The Reserve Bank of India's (RBI) monetary policy committee expects headline inflation to witness a spike in the near months on account of supply disruptions due to adverse weather conditions.
While the vegetable price shocks are expected to correct quickly with the arrival of fresh crops, there are risks to the food and the overall inflation outlook from El Nino conditions, volatile global food prices and skewed monsoon distribution, says RBI governor Shaktikanta Das.
Supply-side measures need to be continued to prevent the spiralling of frequent food supply shocks into generalised economy-wide price impulses, Das says.
The MPC earlier this month unanimously voted to keep the policy repo rate unchanged at 6.5%. India's retail inflation surged to a 15-month high of 7.44% in July from 4.87% in June, breaching the RBI's 6% upper tolerance limit. Inflation in the food and beverages segment more than doubled to 10.6% in July from 4.7% in June led by high vegetable prices.
According to MPC member Ashima Goyal, agricultural prices must become more resistant to possibly more frequent weather shocks. "For this diversified and resilient vegetable supply chains are required. Well-functioning markets respond before price spikes become very large. Delhi should not be buying tomatoes only from Himachal Pradesh. States can experiment with allowing corporations more direct access to farmer organisations," says Goyal.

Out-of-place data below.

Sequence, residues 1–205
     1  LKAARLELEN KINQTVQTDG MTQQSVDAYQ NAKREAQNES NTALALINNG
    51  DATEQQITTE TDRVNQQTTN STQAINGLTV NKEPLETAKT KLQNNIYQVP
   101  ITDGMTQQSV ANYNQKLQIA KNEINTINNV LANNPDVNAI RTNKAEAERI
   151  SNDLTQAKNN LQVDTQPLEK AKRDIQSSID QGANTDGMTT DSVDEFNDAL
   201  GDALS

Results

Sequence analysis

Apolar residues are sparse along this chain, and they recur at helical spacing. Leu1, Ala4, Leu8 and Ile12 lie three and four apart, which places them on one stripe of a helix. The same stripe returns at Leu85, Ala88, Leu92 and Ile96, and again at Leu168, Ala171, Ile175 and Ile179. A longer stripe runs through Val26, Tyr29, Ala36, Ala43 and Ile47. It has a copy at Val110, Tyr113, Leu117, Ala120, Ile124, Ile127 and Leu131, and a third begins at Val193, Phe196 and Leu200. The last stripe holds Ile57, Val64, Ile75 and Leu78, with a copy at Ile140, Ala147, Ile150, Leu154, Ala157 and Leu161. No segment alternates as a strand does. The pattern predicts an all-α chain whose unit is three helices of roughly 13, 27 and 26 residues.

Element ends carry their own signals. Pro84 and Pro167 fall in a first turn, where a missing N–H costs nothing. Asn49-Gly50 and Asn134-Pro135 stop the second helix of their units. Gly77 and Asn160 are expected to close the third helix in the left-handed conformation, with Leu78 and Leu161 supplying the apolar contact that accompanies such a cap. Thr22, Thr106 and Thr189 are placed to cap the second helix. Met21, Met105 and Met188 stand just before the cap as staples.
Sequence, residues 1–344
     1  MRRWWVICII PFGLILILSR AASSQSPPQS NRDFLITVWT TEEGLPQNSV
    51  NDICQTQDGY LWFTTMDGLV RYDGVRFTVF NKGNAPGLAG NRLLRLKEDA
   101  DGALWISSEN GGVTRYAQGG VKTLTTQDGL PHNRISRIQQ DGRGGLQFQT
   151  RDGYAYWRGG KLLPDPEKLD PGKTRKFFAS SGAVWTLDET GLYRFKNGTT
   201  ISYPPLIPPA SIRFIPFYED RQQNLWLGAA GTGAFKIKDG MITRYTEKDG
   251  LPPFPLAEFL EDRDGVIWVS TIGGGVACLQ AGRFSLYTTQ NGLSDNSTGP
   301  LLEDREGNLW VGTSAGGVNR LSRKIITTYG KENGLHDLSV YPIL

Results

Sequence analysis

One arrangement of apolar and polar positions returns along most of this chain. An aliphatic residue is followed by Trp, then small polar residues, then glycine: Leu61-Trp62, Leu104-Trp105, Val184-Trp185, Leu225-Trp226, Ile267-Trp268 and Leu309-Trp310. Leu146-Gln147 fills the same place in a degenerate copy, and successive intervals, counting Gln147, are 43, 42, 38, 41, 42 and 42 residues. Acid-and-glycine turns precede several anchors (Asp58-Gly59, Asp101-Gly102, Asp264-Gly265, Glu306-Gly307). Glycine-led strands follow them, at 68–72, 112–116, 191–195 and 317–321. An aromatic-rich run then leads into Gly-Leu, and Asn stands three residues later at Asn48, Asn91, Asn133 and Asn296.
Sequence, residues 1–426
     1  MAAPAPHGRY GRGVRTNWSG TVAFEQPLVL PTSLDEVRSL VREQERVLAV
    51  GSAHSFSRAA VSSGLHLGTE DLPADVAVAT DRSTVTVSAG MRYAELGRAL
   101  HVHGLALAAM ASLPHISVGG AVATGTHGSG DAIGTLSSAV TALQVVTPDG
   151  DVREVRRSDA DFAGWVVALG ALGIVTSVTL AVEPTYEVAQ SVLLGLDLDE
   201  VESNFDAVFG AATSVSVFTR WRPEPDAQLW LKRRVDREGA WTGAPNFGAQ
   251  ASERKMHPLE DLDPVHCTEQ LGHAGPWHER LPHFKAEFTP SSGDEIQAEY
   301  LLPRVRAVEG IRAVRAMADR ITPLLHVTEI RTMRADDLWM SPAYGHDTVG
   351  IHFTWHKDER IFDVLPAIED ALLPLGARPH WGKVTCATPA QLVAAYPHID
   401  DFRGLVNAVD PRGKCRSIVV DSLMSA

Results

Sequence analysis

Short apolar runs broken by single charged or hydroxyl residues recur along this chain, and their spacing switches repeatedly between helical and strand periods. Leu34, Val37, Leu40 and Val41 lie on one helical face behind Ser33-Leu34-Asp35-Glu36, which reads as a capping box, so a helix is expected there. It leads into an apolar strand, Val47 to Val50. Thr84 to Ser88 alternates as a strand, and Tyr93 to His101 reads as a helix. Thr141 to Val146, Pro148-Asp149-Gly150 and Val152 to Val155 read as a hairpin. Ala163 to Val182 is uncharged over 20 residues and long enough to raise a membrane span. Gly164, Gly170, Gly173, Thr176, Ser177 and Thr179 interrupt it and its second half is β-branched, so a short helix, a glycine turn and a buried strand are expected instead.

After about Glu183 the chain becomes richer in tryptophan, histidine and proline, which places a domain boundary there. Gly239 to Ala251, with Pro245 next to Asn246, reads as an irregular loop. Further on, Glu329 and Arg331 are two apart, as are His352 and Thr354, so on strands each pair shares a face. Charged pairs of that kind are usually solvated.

Large food retail chains also buying from mandis aggravates price movement in India, according to Goyal. "Farmer cooperatives have more bargaining power and platforms like Open Network for Digital Commerce (ONDC) can aid them in establishing supply agreements anywhere in the country," she says, adding that processing and storage facilities must improve.
Pre-emptive supply-side action that prevents repeated or persistent food price shocks would abort a second round increase in wages and other prices that could require further monetary tightening and growth sacrifice, Goyal says.
Indian oil majors, which turned profitable in the summer last year, are in a position to reduce domestic prices, says Goyal, adding that fuel price cuts have a large impact on household inflation expectations.
Headline inflation has softened from last year's elevated level but it still rules above the target, according to the RBI governor. "Our task is still not over. Given the likely short-term nature of the vegetable price shocks, monetary policy can look through the first-round impact of fleeting shocks on headline inflation. At the same time, we need to be ready to pre-empt any second-round impact of food price shocks on the broader inflationary pressures and risks to anchoring of inflation expectations," Das says.
India faces the onslaught of overlapping localised supply shocks, which are causing price-sensitive food items in the CPI to spike and push up headline inflation, says MPC member and RBI deputy governor Michael Debabrata Patra.
"A risk to the inflation outlook stems from the liquidity overhang in the banking system," says Patra. To withdraw excess liquidity of over ₹1 lakh crore from the banking system, the RBI told banks to maintain an incremental cash reserve ratio (I-CRR) of 10%. There is surplus liquidity due to the withdrawal of ₹2,000 banknotes, 87% of which have come back into the system as bank deposits.